The Proof That I Lack the Sheer Class and Self-Control of Danny Bonaduce
2. Oliver Stone: black and white and wrong all over
You're probably 9/11'd out, so file this one away for a later date:
Critic RICK MCGINNIS has a two-part series about September 11th on film, covering both documentaries and feature flicks like Oliver Stone's World Trade Center -- a work that should be screened for pre-teens everywhere, if only to convince them once and for all that cocaine is bad for you.
As McGinnis points out, Stone managed to not only make the right movie about the wrong heroes, but he even made one of those heroes the wrong color:
If there isn’t a rule that you can’t make a film where the protagonists are trapped and immobile, there should be one (and since every rule has an exception, Danny Boyle’s 127 Hours might be the exception that proves it, but I digress).
In trying to avoid controversy, Stone makes his characters both politically and physically passive, a hopeless condition that’s only underlined by the character of Dave Karnes, the ex-Marine who put on his old uniform, left his home in Connecticut and drove to Ground Zero, where he and another ex-Marine named Jason Thomas walked into the still-smoking debris field to search for survivors.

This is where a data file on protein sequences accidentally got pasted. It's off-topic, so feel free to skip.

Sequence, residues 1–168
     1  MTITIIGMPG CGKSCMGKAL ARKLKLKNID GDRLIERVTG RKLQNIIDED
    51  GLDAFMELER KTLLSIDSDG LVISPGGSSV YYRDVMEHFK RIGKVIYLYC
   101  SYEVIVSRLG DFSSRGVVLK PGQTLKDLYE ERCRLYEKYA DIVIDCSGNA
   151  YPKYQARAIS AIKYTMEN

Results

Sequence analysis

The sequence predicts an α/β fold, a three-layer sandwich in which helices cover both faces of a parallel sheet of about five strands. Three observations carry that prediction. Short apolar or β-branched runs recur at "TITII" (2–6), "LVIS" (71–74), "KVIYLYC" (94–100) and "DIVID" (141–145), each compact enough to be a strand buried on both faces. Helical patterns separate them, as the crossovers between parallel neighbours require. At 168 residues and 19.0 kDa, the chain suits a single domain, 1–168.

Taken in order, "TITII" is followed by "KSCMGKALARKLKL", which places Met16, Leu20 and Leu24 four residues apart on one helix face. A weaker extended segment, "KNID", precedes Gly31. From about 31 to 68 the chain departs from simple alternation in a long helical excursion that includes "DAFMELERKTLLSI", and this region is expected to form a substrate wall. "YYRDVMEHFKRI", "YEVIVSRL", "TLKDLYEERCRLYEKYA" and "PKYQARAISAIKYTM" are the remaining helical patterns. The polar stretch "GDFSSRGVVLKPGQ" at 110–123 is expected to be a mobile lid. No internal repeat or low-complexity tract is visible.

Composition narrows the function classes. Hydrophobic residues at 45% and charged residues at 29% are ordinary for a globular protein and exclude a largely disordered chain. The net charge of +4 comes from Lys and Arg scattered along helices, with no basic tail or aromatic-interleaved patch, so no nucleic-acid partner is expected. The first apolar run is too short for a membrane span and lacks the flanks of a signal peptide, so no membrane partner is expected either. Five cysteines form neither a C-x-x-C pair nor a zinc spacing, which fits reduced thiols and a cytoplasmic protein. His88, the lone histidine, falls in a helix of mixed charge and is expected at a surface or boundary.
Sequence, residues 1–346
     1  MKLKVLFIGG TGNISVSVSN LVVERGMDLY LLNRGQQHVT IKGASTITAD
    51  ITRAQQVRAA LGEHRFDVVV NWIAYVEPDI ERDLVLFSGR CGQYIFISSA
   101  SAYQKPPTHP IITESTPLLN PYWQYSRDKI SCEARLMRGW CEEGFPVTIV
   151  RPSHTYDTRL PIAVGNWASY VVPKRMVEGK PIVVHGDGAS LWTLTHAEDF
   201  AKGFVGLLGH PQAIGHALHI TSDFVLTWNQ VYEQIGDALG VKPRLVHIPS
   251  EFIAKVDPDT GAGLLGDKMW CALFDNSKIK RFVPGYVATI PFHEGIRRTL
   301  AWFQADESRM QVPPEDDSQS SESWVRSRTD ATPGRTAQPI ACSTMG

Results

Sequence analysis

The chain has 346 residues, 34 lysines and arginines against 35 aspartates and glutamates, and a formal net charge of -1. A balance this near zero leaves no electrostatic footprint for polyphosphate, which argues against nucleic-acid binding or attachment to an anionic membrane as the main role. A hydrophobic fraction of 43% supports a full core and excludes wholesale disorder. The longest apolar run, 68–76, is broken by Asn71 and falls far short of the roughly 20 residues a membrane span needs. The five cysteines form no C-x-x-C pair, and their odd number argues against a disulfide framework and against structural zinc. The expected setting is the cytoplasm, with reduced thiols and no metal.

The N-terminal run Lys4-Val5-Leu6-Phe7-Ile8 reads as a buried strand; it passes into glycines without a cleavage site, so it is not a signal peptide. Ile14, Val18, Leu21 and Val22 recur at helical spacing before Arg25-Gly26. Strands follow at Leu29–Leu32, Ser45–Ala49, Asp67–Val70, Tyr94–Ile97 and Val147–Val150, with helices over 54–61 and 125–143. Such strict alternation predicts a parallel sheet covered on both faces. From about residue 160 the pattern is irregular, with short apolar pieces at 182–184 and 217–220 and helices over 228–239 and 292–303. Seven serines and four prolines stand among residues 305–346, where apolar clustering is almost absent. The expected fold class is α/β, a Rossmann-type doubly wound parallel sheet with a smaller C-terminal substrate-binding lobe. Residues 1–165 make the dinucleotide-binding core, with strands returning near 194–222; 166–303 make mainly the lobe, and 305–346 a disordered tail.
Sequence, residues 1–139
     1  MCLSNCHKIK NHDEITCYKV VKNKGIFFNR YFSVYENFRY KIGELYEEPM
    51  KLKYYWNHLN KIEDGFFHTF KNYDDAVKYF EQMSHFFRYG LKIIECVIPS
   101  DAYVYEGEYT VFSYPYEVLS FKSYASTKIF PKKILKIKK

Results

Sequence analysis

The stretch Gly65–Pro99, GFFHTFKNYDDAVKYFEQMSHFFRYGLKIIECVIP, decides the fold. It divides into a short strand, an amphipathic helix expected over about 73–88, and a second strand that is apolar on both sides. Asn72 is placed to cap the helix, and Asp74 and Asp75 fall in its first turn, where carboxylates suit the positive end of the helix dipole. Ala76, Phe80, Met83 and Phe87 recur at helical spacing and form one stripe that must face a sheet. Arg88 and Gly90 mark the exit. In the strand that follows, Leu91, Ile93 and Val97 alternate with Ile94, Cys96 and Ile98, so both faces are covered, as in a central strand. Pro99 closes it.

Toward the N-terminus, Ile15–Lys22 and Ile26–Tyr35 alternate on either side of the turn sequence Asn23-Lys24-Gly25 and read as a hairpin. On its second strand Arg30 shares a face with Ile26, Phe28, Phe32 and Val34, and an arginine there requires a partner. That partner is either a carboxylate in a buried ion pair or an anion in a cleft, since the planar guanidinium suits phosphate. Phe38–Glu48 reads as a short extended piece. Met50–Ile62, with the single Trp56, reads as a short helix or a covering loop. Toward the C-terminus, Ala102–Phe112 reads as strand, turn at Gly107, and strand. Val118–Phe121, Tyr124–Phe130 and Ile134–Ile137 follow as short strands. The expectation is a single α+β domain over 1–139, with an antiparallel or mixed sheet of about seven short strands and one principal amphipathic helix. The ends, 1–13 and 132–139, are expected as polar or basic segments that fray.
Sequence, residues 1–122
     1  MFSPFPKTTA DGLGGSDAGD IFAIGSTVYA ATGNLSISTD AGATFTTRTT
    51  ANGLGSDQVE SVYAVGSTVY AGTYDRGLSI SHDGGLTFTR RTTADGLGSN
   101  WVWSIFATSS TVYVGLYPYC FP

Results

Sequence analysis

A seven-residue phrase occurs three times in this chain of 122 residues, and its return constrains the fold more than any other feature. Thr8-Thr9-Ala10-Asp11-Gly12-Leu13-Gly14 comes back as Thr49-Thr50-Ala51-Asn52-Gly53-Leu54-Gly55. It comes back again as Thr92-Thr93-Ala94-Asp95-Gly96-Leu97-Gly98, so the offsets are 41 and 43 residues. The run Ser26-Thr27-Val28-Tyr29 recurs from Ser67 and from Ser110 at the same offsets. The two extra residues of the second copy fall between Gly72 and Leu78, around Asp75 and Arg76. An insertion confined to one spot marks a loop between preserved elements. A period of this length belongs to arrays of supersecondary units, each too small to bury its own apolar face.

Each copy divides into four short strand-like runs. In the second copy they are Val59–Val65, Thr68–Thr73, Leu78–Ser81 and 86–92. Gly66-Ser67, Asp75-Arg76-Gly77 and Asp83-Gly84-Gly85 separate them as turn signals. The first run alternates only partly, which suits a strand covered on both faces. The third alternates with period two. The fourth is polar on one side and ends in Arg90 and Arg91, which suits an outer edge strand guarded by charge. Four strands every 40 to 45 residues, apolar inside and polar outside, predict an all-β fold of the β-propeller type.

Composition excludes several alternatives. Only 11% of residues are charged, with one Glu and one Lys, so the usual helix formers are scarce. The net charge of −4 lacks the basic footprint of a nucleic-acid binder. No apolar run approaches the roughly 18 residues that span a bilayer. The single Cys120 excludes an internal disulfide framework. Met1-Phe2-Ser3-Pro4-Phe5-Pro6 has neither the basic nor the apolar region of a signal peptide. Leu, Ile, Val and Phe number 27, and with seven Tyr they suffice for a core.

The story of Karnes and Thomas, strangers until they met that day, is incredible. Karnes, 43 when he found Port Authority police officers Will Jemeno and John McLoughlin buried under the South Tower rubble, ended up re-enlisting in the Marines and serving two tours in Iraq.
Thomas never sought recognition for his rescue work, went by his last name only and never told his children what he did in the week after 9/11. When Stone made the film, he wasn’t aware that Thomas was black, and cast his role with a white actor.
PLUS: McGinnis compares films about 9/11 to those made about the Titanic, reviews the documentaries currently available, and speculates on how future filmmakers will treat the defining event of our times.